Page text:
Hello everyone. This is the first post in a series of bulletin board discussions that you may or may not have read about when partaking in my survey (which can still be taken here: http://kwiksurveys.com?s=LLIIIL_93dd86f3) or in email notifications. For those of you who are unaware of my research, I am an undergraduate studying at Cardiff University, Wales, UK, and I am researching how you use social media as atheists and what impact it has had on your lives through a series of surveys, bulletin board discussions and interviews. I will be asking questions relating to how and why you use social media to engage with other atheists.
Everyone who is a member of Think Atheist is welcome to contribute - even if you do not begin to contribute at the earlier stages of the discussion do not hesitate to add your point at a later stage. This thread really is for everybody - even if you are not a regular contributor to the forums, or just like to read the forum discussions. I would like to encourage participants to discuss topics with each other as well as respond to my initial questions.
When taking part in this discussion I would like participants to consider:
To start I would like to ask:
Some believe that atheism is an individual phenomenon. Why is it important that atheists engage with each other as a group? Why do you choose to engage with other atheists?
I am also looking to recruit interviewees to take part in private instant messaging interview for the third stage of my research. These interviews will be completely anonymous and I will be asking more personal questions than in the bulletin board discussions. If you would be interested in taking part email me at firstname.lastname@example.org or send me a personal message.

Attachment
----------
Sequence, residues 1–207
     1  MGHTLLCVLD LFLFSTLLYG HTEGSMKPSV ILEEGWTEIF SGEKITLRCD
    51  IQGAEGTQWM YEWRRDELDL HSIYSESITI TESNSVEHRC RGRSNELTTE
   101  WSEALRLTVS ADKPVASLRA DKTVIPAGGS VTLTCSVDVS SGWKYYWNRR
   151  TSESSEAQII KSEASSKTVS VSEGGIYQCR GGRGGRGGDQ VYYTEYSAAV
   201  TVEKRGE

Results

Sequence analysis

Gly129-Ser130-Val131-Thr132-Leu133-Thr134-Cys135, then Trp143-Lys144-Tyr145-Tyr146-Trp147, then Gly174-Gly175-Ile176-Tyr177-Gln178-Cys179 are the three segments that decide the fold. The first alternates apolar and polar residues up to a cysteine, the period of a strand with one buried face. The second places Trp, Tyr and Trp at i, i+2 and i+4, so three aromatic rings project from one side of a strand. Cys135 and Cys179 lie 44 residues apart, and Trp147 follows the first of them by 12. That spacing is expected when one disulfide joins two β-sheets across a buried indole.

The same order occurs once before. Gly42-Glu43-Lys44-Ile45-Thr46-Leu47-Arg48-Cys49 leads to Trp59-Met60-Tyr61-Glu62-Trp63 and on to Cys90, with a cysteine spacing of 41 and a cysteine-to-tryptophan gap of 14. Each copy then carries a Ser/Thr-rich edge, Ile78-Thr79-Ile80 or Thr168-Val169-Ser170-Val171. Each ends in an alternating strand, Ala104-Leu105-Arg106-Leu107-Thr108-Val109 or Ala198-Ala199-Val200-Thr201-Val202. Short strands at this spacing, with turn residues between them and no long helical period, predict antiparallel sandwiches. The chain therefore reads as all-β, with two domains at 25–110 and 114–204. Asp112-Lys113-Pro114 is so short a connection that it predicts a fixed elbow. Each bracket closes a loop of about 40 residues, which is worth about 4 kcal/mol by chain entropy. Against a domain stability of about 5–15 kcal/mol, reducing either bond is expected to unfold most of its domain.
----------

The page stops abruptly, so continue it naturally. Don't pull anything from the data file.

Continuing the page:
The findings and conclusions of my research will be printed as part of my dissertation and will not be used for any other purpose. Your contributions may be quoted verbatim in the write up of this research. You can choose to withdraw your participation at any time and if you would like your contribution to be removed from the data you have until May 4th to notify me. All participants will remain completely anonymous in my publication, although I would like you to bare in mind that bulletin board discussions on Think Atheist are accessible to the public and so for this exercise your level of anonymity may be limited.
For most of my youth I was not organised but after the internet gave opportunities to engage with others and I leaned how atheists are treated I felt is was necessary to take a more active approach.
Being organised gives us the chance to use our political power as a group and support each other
While social media can be a place for atheist to "bond" to a common idea, I think it can also be used to promote the individualism of atheism. I'm an atheist, not because other people are atheist and I want to be like them, but because I found my own way to this path and it's great to be able to share with other people how I found it and to understand how others found it.
For me personally, social media is the only connection I have to other atheists. I live in an area that is rife with religious belief and righteousness. When I express my views, I am looked at as if I'm an alien from another planet...Think Atheist and other atheist sites are my planets... :)
I never used to think that atheists had any need to be a group, as it were. It wasn't until I started noticing religion in political discourses (being from Wales you'll be familiar with recent events like: Baroness Warsi's rant again "militant secularism" and David Cameron's Christian Country narrative and his spineless surrender to the gay-excluding practices of the Church).